Bar questions and issues on politics
 “Distinguish pardon from amnesty.”
 “May the doctrine of command responsibility apply to the President for abuses committed by the armed forces (AFP and police), given his unique role as commander-in-chief?”
Questions # IV (b) and # XIII (b) in Nov. 5, 2017 bar examination on political law
Questions relating to the Trillanes amnesty and the President’s liability for abuses of the police or military were asked in 2017, not last Sunday, the first day of the 2018 bar exams.
The questions were not too soon or too late. The Trillanes issue is still not resolved. And since 2016 when President Duterte assumed office, the issue of excesses in waging the campaign against illegal drugs has continued to rage.
Candidates for the law profession routinely watch out for the burning political issues during their pre-bar review. Often, bar examiners and their chairman pick a question or two tied to news headlines.
What disturbs examinees
If the questions they expect don’t come out, examinees are only a bit disappointed. They are seriously disturbed though when the answers they’ve learned are changed when the issues are litigated in court. Or when the public official behaves as if the law were different or could be bent according to whim or desire of powers-that-be.
 Such as on the remedy of quo warranto that was used to unseat then Supreme Court chief justice Ma. Lourdes Sereno. Their law schools taught them she could be removed by impeachment, a precept attested to by a hundred law deans and professors in the country.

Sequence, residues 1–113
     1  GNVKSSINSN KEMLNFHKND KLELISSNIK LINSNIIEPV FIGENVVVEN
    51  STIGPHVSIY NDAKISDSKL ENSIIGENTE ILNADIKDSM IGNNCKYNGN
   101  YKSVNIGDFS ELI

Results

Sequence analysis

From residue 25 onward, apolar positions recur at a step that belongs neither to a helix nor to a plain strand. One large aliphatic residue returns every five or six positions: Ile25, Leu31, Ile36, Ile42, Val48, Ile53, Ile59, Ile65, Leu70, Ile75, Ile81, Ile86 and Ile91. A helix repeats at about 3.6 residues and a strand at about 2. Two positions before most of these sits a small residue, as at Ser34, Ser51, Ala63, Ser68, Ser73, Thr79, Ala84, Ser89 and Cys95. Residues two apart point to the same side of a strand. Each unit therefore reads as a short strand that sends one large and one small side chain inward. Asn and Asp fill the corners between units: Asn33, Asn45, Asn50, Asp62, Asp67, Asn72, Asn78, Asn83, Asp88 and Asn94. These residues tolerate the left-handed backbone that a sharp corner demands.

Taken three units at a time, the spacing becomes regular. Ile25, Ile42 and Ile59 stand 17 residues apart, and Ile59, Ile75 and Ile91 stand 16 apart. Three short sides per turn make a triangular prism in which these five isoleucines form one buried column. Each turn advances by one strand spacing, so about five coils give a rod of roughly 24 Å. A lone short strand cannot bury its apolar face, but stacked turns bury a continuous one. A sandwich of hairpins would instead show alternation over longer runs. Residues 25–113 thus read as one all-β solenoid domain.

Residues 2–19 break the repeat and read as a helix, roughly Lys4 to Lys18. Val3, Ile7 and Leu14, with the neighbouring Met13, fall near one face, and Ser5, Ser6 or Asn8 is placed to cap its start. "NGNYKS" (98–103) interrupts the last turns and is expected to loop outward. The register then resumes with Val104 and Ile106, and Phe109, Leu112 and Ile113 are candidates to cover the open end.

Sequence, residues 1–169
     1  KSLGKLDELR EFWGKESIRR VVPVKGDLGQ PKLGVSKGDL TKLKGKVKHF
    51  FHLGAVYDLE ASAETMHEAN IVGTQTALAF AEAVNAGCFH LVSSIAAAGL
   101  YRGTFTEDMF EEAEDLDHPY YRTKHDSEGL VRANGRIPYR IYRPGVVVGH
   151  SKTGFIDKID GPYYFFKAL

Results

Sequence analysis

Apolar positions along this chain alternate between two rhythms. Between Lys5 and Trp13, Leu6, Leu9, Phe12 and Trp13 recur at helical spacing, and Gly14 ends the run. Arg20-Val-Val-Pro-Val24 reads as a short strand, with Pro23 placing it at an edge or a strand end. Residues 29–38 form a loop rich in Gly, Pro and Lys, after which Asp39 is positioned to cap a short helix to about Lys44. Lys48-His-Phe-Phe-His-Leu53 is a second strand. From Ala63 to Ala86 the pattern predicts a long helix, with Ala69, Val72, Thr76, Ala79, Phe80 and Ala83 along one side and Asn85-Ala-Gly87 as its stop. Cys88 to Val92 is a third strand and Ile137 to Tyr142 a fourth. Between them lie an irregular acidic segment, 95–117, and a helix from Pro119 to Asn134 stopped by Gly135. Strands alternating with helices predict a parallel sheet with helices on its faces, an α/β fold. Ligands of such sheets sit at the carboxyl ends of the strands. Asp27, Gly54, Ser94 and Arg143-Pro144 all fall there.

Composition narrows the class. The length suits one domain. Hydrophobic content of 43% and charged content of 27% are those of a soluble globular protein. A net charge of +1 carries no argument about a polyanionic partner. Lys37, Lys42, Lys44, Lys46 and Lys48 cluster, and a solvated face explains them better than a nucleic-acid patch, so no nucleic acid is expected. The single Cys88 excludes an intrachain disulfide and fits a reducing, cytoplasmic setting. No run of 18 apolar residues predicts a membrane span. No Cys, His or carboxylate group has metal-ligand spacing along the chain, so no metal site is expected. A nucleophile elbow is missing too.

Such as the precept of amnesty. Amnesty “looks backward and obliterates the offense,” as distinguished from pardon, which merely “removes the consequences or effects of the crime.” If Trillanes’ crimes were already wiped out, how could they be restored by revoking the amnesty, on the pretext that his records were missing?
 Such as the principle of command responsibility. Most bar examinees can tell you, with half their mind not working, that a President is immune from suit only during his term of office and may be held liable after he steps down for abuses committed by police or military because of his “unique position as commanderin-chief.”
The same 2017 bar question asked for the elements that must exist for a superior or commander to be held liable under command responsibility. One crucial element is that he “must have failed to take necessary and reasonable measures to prevent the crimes or punish the perpetrators.”
That wouldn’t be tough for a prosecutor to prove, given the record of illegal killings not only of drug suspects but also peasants and activists. For now, what is unsettling is that the superiors or commanders behave as if the principle of command responsibility wouldn’t touch them.
Since law enforcers know the law, their being cocky may be explained only by their confidence they wouldn’t be prosecuted. A false sense of comfort because the doctrine of command responsibility respects only the term of a sitting president. When he ceases